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Biotech Medicine Robotics Technology

Implant Restores Paralyzed Man's Leg Movement 65

cylonlover writes "In a move that gives cautious hope to the millions of people suffering some form of paralysis, a team of researchers from UCLA, Caltech and the University of Louisville has given a man rendered paralyzed from the chest down after a hit-and-run accident in 2006 the ability to stand and take his first tentative steps in four years. The team used a stimulating electrode array implanted into the man's body to provide continual direct electrical stimulation to the lower part of the spinal cord that controls movement of the hips, knees, ankles and toes, to mimic the signals the brain usually sends to initiate movement (abstract)."
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Implant Restores Paralyzed Man's Leg Movement

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  • Re:All the best (Score:5, Informative)

    by DrgnDancer ( 137700 ) on Friday May 20, 2011 @11:08AM (#36192052) Homepage

    I heard an article about this on NPR this morning. He apparently has a fair amount of control and even feeling while the power is turned on. He talked about getting a shot in his lower back while the systems was powered up and being able to feel the pain, the pressure of the insertion, everything you'd expect a normal person to be able to feel. He joked about it being both bad and good, but you could tell he was really pleased.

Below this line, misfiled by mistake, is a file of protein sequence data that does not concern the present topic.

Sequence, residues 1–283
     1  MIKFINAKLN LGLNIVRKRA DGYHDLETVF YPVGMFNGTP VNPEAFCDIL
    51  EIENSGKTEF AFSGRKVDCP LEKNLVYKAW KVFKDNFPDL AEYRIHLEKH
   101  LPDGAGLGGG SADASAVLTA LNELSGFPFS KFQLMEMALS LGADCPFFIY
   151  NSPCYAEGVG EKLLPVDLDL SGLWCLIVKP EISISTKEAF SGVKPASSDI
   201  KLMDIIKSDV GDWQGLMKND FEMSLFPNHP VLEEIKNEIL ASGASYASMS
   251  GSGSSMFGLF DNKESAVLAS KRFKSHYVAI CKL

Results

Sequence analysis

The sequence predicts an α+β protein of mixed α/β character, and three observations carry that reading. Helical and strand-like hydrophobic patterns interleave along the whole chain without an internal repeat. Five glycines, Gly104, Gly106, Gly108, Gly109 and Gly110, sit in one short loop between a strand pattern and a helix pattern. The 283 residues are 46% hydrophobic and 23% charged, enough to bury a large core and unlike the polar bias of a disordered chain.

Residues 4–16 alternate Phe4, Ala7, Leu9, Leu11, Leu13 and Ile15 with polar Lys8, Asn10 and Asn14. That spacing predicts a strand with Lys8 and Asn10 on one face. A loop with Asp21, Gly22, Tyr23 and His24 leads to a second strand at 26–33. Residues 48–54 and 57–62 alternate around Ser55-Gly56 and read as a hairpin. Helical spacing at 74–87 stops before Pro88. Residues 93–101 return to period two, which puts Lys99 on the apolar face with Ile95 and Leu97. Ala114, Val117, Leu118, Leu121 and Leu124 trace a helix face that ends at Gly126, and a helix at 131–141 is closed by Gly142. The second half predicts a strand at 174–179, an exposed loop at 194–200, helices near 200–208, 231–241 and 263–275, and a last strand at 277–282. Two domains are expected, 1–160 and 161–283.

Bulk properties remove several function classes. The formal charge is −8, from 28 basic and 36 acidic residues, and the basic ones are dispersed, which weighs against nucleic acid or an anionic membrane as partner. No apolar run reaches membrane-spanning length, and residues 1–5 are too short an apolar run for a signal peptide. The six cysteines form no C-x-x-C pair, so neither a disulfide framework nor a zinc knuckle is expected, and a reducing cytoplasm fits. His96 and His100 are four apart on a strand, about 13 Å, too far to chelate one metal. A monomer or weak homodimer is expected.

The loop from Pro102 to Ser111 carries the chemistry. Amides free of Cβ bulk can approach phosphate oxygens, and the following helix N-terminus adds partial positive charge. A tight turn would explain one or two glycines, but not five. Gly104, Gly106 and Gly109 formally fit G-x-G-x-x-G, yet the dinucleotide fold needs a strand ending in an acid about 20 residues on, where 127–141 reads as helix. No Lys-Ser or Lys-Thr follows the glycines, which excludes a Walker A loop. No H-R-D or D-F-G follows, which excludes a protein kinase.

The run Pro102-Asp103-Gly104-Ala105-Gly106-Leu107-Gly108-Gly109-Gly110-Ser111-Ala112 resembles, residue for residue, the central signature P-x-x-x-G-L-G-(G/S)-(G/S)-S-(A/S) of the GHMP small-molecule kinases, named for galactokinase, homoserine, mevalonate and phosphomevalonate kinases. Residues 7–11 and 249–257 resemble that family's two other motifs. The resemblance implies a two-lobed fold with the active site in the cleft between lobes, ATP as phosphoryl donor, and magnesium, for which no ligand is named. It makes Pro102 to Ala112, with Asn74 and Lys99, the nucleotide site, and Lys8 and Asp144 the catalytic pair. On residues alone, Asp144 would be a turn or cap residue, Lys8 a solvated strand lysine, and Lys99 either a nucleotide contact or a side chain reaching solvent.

The interesting thing is that they aren't, from what I understand, trying to bypass the damaged nerves, rather they're applying a continuous current to them, which seems to boost the natural ability of the nerves to receive signals. For lack of a better description (and assuming I understand what's going on, which is assuming a lot, even the doctors don't seem too clear on the details) the applied current allows the nerve signals to "jump" the cut in his nervous system.

    Also for reasons I don't understand, they only use the system 2 hours or so a day, so for the majority of the time he's a normal paraplegic. That may explain why it's taking him so long to relearn things like walking and standing, though the article indicates that only gross movements may ever be possible so it could be that the signals just aren't strong enough still for fine motor control.

  • Re:All the best (Score:4, Informative)

    by Renraku ( 518261 ) on Friday May 20, 2011 @03:41PM (#36194796) Homepage

    Actually, that's wrong. At least in cats. As proof they kept a cat's body alive, removed its brain, and put it on a treadmill. The cat was held up, but as the legs felt pressure on them, they started to run by themselves. Rather well, too, matching speed with the treadmill. The muscles and spinal cord basically play a huge role in balance and isn't 100% brain controlled.

Don't tell me how hard you work. Tell me how much you get done. -- James J. Ling